One of my arguments against the supernatural theory is that we see Harmonica on top of Morton's train after Wobbles visited Frank there; the clear indication is that Harmonica followed Wobbles to the train (he knew Wobbles was aware of Frank's whereabouts; especially cuz he knew Jill was bringing Frank a message through Wobbles, he knew Wobbles was about to lead him to Frank. (maybe Harmonica even purposely advised Jill to speak to Wobbles specifically cuz he then knew he could follow Wobbles to Frank?) The point is that Harmonica followed Wobbles to Frank. Now if Harmonica really had supernatural powers and knows where everyone is at all times, is it really necessary for Wobbles to "lead" him to Frank; wouldn't he know where Frank is just because of his supernatural powers?

A possible rebuttal to this argument is that you can say that while Harmonica indeed knew on his own where Frank was, the reason he followed Wobbles was simply to spy on Wobbles conversation to Frank, to find out whether Wobbles was telling the truth when he said he had no idea of Frank's plans to have gunmen kill Harmonica.... Of course, then you can ask: where do you draw the line on Harmonica's supernatural powers? he knows where everyone is at all times, but he doesn't know the truth that Wobbles had set him up? etc. etc. etc. So his supernatural powers only extend as far as the writers want it to. This is one of many things that irks me about supernatural characters in movies, and why it really bothers me every time I think of this supernatural theory.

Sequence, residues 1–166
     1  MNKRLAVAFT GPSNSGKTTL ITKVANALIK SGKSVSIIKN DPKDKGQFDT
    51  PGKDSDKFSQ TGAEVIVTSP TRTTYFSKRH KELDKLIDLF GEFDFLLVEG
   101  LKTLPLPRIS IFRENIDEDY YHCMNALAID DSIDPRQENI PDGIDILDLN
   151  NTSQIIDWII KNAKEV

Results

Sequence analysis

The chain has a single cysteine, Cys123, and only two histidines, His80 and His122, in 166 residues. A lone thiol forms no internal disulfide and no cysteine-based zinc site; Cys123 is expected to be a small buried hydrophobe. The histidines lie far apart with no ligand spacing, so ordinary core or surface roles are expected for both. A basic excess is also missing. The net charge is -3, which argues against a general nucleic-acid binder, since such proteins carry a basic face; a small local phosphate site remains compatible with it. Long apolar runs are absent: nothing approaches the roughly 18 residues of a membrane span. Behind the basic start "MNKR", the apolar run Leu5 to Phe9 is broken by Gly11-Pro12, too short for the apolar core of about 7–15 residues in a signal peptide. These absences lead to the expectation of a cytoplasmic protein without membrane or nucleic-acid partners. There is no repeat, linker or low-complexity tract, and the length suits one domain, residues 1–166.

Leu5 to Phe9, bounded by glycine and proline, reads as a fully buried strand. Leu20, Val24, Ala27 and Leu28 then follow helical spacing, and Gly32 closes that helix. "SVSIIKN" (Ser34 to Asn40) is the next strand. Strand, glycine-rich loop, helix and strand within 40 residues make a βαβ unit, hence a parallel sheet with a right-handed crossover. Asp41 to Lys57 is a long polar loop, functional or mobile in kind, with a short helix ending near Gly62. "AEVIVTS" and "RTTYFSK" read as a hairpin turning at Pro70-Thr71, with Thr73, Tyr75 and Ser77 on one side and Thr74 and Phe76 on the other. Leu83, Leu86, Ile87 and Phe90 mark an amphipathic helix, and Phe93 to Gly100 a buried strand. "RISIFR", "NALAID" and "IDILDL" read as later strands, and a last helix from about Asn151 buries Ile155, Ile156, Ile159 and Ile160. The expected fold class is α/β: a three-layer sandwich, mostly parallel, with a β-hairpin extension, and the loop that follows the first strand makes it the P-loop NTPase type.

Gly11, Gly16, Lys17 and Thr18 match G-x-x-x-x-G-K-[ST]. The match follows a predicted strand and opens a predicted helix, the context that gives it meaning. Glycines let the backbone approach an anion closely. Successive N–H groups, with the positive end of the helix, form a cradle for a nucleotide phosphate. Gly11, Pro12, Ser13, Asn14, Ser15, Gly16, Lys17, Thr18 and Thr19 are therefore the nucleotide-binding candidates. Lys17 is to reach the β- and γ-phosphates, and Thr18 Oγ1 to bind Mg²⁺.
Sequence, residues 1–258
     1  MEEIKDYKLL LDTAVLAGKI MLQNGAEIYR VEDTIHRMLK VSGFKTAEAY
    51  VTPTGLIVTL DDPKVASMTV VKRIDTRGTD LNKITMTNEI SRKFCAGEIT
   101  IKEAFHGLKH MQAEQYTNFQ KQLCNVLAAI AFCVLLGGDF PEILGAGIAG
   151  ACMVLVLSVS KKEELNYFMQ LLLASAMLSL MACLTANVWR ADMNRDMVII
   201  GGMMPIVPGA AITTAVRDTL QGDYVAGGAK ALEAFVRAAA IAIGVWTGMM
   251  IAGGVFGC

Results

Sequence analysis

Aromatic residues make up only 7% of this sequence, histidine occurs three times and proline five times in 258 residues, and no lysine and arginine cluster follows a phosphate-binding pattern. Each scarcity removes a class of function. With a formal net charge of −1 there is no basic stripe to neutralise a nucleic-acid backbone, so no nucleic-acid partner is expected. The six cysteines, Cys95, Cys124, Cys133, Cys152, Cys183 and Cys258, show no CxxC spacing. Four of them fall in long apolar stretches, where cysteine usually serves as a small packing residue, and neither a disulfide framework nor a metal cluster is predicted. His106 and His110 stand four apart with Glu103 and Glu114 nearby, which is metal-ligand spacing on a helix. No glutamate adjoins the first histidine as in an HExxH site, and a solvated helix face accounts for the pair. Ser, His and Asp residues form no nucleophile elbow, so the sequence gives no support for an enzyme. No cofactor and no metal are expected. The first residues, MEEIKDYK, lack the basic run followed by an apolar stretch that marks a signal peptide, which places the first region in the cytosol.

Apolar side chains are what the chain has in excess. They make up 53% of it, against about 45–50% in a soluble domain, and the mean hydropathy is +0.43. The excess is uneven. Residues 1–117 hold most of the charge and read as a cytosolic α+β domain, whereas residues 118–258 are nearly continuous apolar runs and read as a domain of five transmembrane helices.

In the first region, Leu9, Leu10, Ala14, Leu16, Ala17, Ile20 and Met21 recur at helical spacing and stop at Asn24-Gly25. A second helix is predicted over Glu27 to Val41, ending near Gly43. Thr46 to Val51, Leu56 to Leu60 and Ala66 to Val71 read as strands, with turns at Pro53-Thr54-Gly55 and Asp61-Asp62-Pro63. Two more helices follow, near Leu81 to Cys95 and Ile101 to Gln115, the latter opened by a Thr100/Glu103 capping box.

However, I do try to be intellectually honest (if a bit rambling, at times?  Wink) Frayling at least alludes to, if not asserts outright, the supernatural aspects of Harmonica's character in the first paragraph of p. 200 in Spaghetti Westerns

My complaints about the including of the Harmonica Rising scene have nothing to do with this obscure "supernatural" theory. and I wasn't talking in my above post about this theory.

I never cared for it cause it is a lauhgable and absurd idea imo. The fact that Harmonica was wounded in the first scene is simply enough reason not to waste further time with it.
And the showing of this wound in the railway station scene is enough explanation for the ending of the first scene, and makes the Harmonica rising scene redundant anyway.
I don't like this scene because it damages the narrative structure of the beginning's 3 long scenes which introduce by and by the main characters.

Well, I have watched OUTW for 20 years without this unnecessary scene, and it was a negative surprise to see it then in the film.

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« Reply #40 on: May 13, 2011, 05:08:44 AM »


I have no explanation why the restored English version is shorter in this scene. and I have also no explanation why the music changes.
I hope the new BD will solve the problems.